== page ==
The More Things Change . . .
One of the things I like about reading science fiction and fantasy is that you never know how things might turn out.
Of course certain genres of stories come with expectations. In an adventure epic, we can be pretty sure the good guys will win. In a traditional romance, the couple generally gets together at the end. But what’s different about F&SF, as opposed to what we might call mainstream or mundane stories, is that the worldwide situation at the end can be radically different from the one at the beginning.
I’m talking here about big-picture changes. Of course things can and do change for the people in the story. But in a mainstream story, the world around the characters is pretty much fixed. Our main character may win a million dollars, but the overall distribution of wealth doesn’t change. Our hero and heroine may fall in love and marry, but it won’t be front-page news. In a TV hospital drama, the imperiled patient won’t be cured because aliens suddenly arrive with a universal regeneration technique that makes illness obsolete; the cure will come on a more individual scale.
The World At Stake?
In a science fiction story, however, world-changing events may occur. The movie Independence Day depicts an alien invasion after which, as I pointed out in a previous post, things will never be the same. A nifty new invention may change the world. Discovering people with strange powers among us may affect our whole history, for good or for ill. A revolution may succeed in overthrowing the oppressive tyranny. Things will not always reset to their “Gilligan’s Island” starting point.
Not all F&SF stories involve such events. A perfectly good fantastic tale may result in changes only for the central characters—in Jo Walton’s Among Others, for example, or Becky Chambers’ The Galaxy, and the Ground Within (2021). But the potential is there. The set of possible outcomes has a wider range: the resolution does not have to confine itself to the resolutely mundane.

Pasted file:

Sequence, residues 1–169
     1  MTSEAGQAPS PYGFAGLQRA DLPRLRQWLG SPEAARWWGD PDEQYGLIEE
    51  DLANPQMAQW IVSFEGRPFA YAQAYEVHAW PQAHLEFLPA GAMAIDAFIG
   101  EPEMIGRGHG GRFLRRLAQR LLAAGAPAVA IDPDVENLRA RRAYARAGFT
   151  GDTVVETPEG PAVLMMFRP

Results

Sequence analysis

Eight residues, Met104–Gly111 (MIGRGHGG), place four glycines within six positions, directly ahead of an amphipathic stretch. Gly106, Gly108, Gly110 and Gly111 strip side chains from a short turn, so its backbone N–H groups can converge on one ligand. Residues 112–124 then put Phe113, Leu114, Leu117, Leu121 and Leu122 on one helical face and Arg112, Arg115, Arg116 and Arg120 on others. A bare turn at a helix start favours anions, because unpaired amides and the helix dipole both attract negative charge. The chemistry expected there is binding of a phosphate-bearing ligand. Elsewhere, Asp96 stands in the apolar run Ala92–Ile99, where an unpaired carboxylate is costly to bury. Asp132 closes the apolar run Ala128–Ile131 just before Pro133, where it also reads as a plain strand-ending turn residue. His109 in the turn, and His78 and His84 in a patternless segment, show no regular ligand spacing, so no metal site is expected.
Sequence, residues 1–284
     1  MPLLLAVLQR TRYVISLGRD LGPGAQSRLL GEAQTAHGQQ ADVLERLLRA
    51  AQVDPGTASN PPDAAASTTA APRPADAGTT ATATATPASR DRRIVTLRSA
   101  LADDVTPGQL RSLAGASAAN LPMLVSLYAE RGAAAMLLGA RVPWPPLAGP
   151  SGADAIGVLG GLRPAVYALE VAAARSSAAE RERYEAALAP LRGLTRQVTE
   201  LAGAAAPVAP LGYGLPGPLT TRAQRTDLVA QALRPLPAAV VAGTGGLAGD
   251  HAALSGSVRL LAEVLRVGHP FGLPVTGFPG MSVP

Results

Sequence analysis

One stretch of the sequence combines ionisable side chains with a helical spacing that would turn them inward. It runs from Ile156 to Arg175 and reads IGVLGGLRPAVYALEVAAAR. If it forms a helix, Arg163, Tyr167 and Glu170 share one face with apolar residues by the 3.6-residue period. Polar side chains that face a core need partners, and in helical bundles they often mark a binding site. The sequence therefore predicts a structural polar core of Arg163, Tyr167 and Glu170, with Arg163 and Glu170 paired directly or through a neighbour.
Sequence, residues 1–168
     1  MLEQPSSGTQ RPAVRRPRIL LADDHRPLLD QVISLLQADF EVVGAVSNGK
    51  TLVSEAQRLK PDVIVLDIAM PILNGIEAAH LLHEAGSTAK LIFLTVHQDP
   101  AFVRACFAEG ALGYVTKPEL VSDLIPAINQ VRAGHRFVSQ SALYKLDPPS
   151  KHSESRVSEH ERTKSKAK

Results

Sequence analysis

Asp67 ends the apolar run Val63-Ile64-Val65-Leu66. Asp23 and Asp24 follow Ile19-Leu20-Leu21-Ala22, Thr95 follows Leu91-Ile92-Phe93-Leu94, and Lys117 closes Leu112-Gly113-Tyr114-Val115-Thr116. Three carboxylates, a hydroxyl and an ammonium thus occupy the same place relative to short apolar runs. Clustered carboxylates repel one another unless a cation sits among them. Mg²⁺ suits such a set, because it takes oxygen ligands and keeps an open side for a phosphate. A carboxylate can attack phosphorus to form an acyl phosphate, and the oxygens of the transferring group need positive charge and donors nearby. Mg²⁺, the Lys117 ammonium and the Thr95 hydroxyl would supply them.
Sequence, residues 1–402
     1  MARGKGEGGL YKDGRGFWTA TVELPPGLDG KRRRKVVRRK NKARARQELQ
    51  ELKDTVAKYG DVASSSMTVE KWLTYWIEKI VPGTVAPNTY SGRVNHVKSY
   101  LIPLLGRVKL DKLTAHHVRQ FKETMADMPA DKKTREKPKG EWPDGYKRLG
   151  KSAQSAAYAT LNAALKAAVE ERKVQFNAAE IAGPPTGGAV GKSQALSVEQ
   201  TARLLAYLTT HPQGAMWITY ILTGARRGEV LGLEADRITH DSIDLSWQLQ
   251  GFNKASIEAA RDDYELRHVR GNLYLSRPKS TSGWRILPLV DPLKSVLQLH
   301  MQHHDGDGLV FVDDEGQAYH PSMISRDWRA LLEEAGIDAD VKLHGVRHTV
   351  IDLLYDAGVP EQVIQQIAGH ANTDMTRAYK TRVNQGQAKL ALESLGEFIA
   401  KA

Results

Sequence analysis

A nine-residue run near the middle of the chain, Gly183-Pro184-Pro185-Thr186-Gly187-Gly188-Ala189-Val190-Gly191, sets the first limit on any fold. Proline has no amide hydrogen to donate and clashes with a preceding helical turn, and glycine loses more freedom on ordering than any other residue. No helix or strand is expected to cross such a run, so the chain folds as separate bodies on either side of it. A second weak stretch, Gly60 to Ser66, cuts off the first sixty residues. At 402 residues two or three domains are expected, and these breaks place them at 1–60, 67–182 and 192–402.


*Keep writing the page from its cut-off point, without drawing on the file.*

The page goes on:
Even mainstream thrillers where it appears The Fate of the World Is At Stake—James Bond, say—usually don’t take that step. The world-changing fate is averted, the status quo is restored. Even the possibility of radical change is usually hidden from the general public; there’s no sense that Bond’s exploits are a nine-day wonder in the press. On the contrary, we have the sense that the people at large never know how close they came to nuclear destruction or whatever the menace-of-the-week is. When such a thriller actually does postulate a major change for the world—as in, say, Tom Clancy’s now-outdated Red Storm Rising (1986), or the more recent book by Elliot Ackerman & James Stavridis, 2034: A Novel of the Next World War (excerpted in the February 2021 issue of Wired)—I’m inclined to think of it as science fiction for exactly that reason.
Hope and Unease
This open-endedness is an effective counter to both complacency and despair.
When stories teach us that even big overarching parts of our life can change, we are less inclined to rest in the comfortable assumption that the status quo will always remain. This is a good thing, because it keeps us from taking things for granted. America could become a dictatorship; it behooves us to make sure it doesn’t. The world could suffer an ecological catastrophe. An asteroid could strike the Earth again; that’s why we track near-Earth objects.
But it’s equally important to recognize that the big world-picture could also get better. It is easy, especially in a cynical age like our own, to assume that current evils will always be with us; things will continue to get darker and more depressing. But that’s merely taking the status quo for granted again. We cannot assume that there will always be racial discrimination, that some people will always go hungry, that Earth’s ecology will degrade. Not knowing what is going to happen means we can hope for better things as well as fear worse things.
We can thus take comfort, as well as warning, in the open-endedness of the future.
Had she really thought the world didn’t change? She was a fool. The world was made of miracles, unexpected earthquakes, storms that came from nowhere and might reshape a continent. The boy beside her. The future before her. Anything was possible. (Inej’s thoughts, in Leigh Bardugo, Crooked Kingdom (NY: Henry Holt and Company, 2016), ch. 44, p. 529.)
F&SF fans, then, are encouraged to be both cautious and expectant about the future. That doesn’t prevent them from being either naïve or discouraged—we see plenty of both. But they are a little more likely to look toward the future with interest and curiosity.